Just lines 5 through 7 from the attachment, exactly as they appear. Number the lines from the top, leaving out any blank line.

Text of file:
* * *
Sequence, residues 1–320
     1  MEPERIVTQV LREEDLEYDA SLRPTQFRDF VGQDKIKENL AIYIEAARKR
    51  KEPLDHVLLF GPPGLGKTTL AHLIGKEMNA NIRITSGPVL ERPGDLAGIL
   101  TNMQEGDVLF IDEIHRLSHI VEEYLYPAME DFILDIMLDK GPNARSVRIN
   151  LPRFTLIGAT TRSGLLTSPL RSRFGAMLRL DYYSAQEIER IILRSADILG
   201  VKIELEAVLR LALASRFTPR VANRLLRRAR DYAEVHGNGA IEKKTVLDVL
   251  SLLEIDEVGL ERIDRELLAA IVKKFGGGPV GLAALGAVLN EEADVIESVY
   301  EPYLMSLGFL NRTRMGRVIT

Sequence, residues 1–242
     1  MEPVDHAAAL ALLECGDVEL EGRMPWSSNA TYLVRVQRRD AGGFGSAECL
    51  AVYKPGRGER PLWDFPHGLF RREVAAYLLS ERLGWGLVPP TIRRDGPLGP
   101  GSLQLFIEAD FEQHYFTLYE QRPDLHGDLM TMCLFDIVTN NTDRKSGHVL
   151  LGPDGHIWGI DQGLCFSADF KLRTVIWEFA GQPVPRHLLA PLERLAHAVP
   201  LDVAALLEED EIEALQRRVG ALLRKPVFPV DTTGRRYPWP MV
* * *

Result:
   151  LPRFTLIGAT TRSGLLTSPL RSRFGAMLRL DYYSAQEIER IILRSADILG
   201  VKIELEAVLR LALASRFTPR VANRLLRRAR DYAEVHGNGA IEKKTVLDVL
   251  SLLEIDEVGL ERIDRELLAA IVKKFGGGPV GLAALGAVLN EEADVIESVY